Imagine you mysteriously awaken on an unfamiliar boat in an unknown location. There are others onboard with you, but they’re equally confused about the situation. In an effort to clarify your shared predicament and determine a path forward, you realize … you need some information.
But what information is most critical? And which questions should you ask (and to whom) to gather such information? In short — where do you start?
However tempting it may be, it wouldn’t prove helpful to jump right into a bevy of logistical or technical considerations (how big the boat is, whether the anchor is stored, what changes you could make to maximize your fuel efficiency and so forth). These questions — and their answers — are undoubtedly important. But beginning with what and how is a lot like deciding between a hammer and nails or a welding torch before you know what you’re trying to build.
Instead, it may be best to begin with deeper and more fundamental questions (who is onboard, where are we headed, are there more optimal routes or destinations given our current situation, etc.). Asking these identifying questions first provides a foundation from which you may then explore the implication questions (like first knowing what you’re trying to build, then deciding the best tools and techniques for the job).
Similarly, in the incredibly complex world of internal audit, it’s even more important than ever to flip the script with the questions you’re asking to first consider the who, why and where of your internal audit function and then turn the page to better explore the what and how.
As internal audit functions genuinely look to improve and drive more value, they often begin by considering what they should change within their operations or how they can perform more effectively and efficiently. While these questions are important and can help move the needle, they sometimes lead to misaligned ends (like the hammer v. torch scenario above). By contrast, starting the process with questions that help an internal audit function understand who they are, why they are a function and where they are meant to focus is paramount to ensuring long-term success and direction while establishing and maintaining their identity within the organization. When internal audit functions (especially those that strive to be leaders in the industry) guide their organization to prioritize deeper, more fundamental questions first, they encourage and equip their team to collectively pursue greater understanding and unity when eventually considering the more technical questions.
To accomplish this mindset shift, internal audit functions may consider challenging themselves to think about the following questions:
If the answer to any of the above questions is no, the follow-up needs to be: why? These types of purpose and identity questions will help reveal limitations that need to be addressed through the more practical how questions that follow.
For example, by first asking such identity questions you discover that your function is limited to financial and IT risks because you lack the expertise to effectively engage the business outside those areas. This might seem to be a setback at first. However, this realization has successfully prevented you from immediately diving into the nuts and bolts of situations outside your scope and equipped you with the knowledge of a gap you must address. You can now move forward with a much more targeted and necessary implication question — how do we expand access to whatever expertise we currently lack so that we deepen our credibility within the business?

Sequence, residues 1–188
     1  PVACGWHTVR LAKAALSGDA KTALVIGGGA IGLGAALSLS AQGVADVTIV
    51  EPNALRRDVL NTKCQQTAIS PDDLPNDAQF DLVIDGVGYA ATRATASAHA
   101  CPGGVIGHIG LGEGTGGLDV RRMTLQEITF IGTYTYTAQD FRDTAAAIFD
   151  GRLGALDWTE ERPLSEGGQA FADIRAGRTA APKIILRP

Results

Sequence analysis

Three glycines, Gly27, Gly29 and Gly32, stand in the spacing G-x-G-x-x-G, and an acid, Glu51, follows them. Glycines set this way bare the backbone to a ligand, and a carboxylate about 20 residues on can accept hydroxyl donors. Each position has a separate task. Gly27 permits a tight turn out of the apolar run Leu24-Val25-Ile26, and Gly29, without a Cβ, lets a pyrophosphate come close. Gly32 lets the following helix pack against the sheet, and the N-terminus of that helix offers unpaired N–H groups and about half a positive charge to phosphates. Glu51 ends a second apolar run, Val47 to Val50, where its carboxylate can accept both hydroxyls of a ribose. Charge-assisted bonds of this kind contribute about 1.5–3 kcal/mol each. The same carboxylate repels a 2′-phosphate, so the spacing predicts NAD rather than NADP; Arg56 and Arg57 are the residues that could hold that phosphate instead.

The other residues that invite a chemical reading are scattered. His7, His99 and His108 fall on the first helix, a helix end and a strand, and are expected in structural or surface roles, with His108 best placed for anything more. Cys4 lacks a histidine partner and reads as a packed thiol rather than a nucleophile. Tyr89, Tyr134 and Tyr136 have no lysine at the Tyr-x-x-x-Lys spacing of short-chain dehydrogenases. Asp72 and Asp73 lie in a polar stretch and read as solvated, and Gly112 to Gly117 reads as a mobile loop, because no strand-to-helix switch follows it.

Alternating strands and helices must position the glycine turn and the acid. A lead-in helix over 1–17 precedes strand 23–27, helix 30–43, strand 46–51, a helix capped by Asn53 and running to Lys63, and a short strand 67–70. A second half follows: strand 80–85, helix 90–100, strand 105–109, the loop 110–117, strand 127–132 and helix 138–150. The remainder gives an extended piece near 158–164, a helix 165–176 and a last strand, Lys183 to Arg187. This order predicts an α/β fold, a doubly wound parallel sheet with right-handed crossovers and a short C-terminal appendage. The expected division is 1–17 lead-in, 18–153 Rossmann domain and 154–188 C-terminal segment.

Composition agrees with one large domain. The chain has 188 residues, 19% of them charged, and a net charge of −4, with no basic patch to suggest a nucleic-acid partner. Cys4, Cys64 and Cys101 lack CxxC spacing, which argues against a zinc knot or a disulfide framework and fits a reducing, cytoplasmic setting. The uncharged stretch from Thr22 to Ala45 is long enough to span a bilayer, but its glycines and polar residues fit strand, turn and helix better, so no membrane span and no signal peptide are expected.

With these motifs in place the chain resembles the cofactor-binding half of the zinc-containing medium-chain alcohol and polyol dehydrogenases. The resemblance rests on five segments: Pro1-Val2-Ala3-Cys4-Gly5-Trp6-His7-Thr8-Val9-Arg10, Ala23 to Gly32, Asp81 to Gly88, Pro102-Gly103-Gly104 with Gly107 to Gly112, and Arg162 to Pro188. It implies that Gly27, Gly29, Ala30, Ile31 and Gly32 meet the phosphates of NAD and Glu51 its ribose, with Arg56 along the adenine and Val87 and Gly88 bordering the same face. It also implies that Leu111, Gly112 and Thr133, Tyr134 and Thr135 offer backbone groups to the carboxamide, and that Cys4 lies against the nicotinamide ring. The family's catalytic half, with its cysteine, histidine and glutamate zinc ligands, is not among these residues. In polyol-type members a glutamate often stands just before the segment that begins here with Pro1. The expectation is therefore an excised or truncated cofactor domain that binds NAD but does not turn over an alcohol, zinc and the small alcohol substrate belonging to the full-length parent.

It may seem a subtle shift, but a critical assessment of these identity-based considerations quickly helps uncover strengths that are positively contributing to the function as well as shortcomings that are detracting. Answers to the identity questions outlined above may, in turn, help guide internal audit functions in their answers to the implication questions that many often start with — those focused on enhancing talent, improving processes and maximizing the benefit of technology. Such questions include:
Each question above can be challenging to tackle and will likely elicit varying responses from those in the function. And yet each question is critical to an internal audit’s eventual success. Just as critical, however, is the sequence in which these questions are asked.
Determine first your boat’s destination, then ensure you’ve set an appropriate course and have adequate talent and resources to arrive as desired.
Similarly, determine first your company’s purpose and priority, then ensure you've set an appropriate course for your internal audit function and have adequate talent and resources to operate as desired.
Flipping the script of your internal audit approach isn’t easy. It’s rarely the natural response. It’s far more common to first focus on the tangible, bite-sized components. In pursuit of practical, effective solutions, it’s easier to ask, “What can we change?” or, “Is there some tool we can better utilize?” rather than, “How does our purpose align with our role?” or, “Where are we trying to lead this effort?” But we’ve successfully navigated these waters time and time again and we know the way forward. Let’s go there — together.
Whether you are building an internal audit function or looking to take your function to the next level, Baker Tilly can help you answer these big-ticket questions.